Show Me The Money

Reading Time: 4 mins

“Losers have goals. Winners have systems.”

– Scott Adams

 The inspiration for this post came from having a conversation about personal finance and savings with one of my close friends. I outlined what I was doing for the last few years and how I had increased my savings amount in step with my income. He said he left the money he hasn’t spent at the end of the month in his current account. I asked him how much he had saved? He answered that he hadn’t saved a whole pile. I asked him how much he expected to save in the next 12 months. He didn’t know.

I then described the simple steps that I thought he should follow and the rationale behind them. While I know at the time he thought I was being a bit over the top, he thanked me for my advice and said he’d think about what I’d said.

I didn’t think any more of it and I was taken aback when some months later, he brought up the conversation we had again. He had fully implemented what I had outlined and he reaffirmed my belief in what I had said. This is what I told him:

Assumption:
The basic premise of the below process is that there is some amount of your net income which you can set aside. I believe that nearly everyone should be at least be able to put something away, no matter how small. Obviously for various reasons including but not limited to: education, debt, dependents and unemployment; the below steps are not applicable.

Decide
I would recommend targeting 25% – 30% of your net income but start with whatever works for you. The fundamental point here is to establish a habit. The amplitude of your savings amount can be altered as a secondary activity. Even if you are only saving 5% – 10%, that is enough to start with.

To be precise, net income here is gross income less taxes, I’m estimating that 75% of net income is sufficient for food, rent/mortgage, bills and other discretionary expenditure. The only callout I would make is that if you have some debt then paying it off should be your priority. Short term debt such as car finance, credit cards, overdrafts and personal loans are typically offered at juicy interest rates so fully paying this kind of debt off first is prudent.

Prioritise
Enjoy life but be disciplined and realistic. Achieving a savings target should not be at the cost to your lifestyle, is missing that gig or not going on that random session with friends worth hitting 30% every month? No it’s not. Like everything, it’s about achieving a balance between short term pleasure and long term satisfaction.

Automate
If you have to physically transfer money to a different account every month, you will find an excuse not to. Set up a standing order or direct debit. You might think, I’ll do it next month. You won’t. Do it now. In three months time, you will be grateful.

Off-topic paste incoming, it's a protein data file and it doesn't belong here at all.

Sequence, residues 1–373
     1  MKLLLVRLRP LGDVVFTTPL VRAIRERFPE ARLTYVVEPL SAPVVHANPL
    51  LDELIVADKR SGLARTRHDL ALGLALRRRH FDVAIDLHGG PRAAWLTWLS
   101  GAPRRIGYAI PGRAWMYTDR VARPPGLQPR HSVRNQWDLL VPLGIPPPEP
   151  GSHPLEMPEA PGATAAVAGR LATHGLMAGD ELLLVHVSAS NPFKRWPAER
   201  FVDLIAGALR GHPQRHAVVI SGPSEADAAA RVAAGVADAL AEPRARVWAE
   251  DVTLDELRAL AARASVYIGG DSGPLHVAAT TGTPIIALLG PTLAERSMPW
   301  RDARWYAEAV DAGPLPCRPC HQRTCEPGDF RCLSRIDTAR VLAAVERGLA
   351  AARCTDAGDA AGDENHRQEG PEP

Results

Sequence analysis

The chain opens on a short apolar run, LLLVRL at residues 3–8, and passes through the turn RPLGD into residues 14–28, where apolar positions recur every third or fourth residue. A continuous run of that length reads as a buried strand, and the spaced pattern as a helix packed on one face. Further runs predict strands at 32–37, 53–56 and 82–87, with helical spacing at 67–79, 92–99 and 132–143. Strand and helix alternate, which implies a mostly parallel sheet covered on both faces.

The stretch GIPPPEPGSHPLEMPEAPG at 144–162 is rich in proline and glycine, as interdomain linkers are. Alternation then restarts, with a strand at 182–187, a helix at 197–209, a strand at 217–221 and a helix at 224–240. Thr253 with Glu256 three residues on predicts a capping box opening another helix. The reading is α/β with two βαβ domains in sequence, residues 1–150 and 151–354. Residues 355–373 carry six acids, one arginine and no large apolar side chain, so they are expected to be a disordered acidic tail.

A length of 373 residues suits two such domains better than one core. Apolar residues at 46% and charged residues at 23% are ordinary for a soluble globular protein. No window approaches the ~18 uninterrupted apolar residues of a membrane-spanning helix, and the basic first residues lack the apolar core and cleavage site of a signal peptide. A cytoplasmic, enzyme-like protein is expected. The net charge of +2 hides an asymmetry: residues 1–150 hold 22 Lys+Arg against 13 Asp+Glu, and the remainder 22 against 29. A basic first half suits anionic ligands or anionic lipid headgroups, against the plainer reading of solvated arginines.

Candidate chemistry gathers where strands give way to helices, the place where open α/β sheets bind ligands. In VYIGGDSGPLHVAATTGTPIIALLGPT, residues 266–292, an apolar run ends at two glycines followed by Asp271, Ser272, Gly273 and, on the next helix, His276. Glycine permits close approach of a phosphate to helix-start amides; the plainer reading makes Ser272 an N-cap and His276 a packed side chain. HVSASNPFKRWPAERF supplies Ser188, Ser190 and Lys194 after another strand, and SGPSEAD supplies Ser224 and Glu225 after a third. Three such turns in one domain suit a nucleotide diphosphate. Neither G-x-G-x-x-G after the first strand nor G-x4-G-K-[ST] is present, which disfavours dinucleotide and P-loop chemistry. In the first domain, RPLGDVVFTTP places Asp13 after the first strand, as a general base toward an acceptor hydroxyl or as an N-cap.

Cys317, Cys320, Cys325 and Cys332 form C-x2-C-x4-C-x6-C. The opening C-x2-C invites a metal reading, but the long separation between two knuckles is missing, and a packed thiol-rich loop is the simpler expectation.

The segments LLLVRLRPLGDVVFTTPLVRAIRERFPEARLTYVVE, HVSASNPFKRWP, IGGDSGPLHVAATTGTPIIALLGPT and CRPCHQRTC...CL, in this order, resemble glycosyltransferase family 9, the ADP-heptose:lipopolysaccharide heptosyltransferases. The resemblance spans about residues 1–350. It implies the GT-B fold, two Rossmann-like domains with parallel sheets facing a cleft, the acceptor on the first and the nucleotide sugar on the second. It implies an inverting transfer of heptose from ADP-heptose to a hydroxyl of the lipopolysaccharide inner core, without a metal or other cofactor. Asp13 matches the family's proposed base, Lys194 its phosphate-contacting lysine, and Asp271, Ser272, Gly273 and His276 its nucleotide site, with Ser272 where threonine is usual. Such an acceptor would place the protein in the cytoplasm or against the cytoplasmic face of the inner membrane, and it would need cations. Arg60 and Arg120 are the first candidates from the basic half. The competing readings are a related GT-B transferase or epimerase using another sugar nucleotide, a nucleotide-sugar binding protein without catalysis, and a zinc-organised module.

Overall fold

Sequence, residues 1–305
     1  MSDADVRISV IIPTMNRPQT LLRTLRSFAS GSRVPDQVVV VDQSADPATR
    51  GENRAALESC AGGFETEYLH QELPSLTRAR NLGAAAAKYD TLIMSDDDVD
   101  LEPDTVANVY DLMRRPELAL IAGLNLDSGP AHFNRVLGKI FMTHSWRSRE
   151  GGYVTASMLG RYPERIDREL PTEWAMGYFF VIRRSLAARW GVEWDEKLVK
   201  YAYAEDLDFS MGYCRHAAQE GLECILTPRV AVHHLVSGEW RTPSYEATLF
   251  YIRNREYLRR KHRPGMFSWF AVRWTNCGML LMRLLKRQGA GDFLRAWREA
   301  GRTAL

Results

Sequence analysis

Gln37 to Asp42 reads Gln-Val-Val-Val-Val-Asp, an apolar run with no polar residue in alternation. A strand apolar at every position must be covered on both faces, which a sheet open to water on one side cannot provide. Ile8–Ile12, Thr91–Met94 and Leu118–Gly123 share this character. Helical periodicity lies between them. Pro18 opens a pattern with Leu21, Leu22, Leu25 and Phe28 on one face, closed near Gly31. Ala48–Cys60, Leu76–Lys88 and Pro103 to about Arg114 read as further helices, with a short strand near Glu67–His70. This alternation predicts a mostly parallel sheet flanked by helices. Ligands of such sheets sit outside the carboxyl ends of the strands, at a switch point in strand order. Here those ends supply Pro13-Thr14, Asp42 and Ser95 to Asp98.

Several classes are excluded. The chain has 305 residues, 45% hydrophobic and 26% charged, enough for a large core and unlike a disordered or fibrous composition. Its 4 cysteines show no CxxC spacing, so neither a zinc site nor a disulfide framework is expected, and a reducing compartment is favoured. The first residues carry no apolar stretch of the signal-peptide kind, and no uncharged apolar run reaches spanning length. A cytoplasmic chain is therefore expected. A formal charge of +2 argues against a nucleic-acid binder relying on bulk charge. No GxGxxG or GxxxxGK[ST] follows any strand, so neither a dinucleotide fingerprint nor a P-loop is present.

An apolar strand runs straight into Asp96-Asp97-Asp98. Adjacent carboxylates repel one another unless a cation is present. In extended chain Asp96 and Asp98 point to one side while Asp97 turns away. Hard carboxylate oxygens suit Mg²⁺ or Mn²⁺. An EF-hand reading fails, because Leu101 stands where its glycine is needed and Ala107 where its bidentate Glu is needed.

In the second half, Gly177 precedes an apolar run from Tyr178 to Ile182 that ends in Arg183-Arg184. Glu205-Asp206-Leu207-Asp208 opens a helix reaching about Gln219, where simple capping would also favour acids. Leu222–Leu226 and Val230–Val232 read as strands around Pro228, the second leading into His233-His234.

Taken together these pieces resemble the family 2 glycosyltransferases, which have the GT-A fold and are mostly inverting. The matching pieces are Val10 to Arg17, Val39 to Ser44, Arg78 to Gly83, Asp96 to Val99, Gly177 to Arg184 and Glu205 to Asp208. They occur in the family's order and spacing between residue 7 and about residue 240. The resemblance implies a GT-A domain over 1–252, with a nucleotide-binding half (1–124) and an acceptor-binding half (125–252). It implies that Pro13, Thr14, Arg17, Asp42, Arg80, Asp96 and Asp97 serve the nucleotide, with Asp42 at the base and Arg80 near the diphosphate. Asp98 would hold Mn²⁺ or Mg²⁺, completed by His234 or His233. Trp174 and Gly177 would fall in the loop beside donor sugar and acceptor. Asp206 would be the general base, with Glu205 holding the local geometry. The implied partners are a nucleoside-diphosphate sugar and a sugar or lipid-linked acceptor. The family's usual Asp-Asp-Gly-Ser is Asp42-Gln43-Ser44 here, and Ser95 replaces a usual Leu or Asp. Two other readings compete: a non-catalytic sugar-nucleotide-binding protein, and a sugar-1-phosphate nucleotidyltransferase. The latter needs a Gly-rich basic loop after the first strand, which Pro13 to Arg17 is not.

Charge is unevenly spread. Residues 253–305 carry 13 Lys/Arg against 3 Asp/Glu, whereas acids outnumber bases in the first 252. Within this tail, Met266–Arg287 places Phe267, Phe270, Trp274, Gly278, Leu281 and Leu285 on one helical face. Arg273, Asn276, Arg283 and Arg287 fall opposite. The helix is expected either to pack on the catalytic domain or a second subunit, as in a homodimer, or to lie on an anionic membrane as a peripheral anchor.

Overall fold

Scale
If you have ticked the box on the above steps, congratulations! This is the primary and probably the most challenging step. Now that you have established a savings habit, you should try and scale it up. So maybe you are saving 15% of your net income, can you try and get this to 20%?  The trick here is build a system which you can scale as your income grows.

Let’s say you get a raise, what’s the most likely thing you do? Spend it. Or maybe you have got that new job you have been working towards and have a few more shekels making their way to your account at the end of the month? Do you really need to spend that money? Can you divert it straight to your savings account?

In summary, the baseline target here should be that if you receive an increment of 10% then you should be aiming to increase your monthly savings amount by at least 10%. Otherwise you are effectively reducing your monthly savings percentage.

Reward
At the end of the day, it’s fine to splurge some of your hard earned savings. It’s your money! The point of this post is to help you build a war chest not dictate what that “war” should be.

In closing, frugality is the best defense against uncertainty and this system encourages you to adopt frugality.

In a worst case scenario, if you lose your  job or have your income reduced, it provides a platform which you can pivot from.  The variables in the equation are how much you can put in and how soon you can start. Time is a constant. It will not wait. Get it done.

SMTM

One thought on “Show Me The Money

  1. Pingback: Eoin Delahunty

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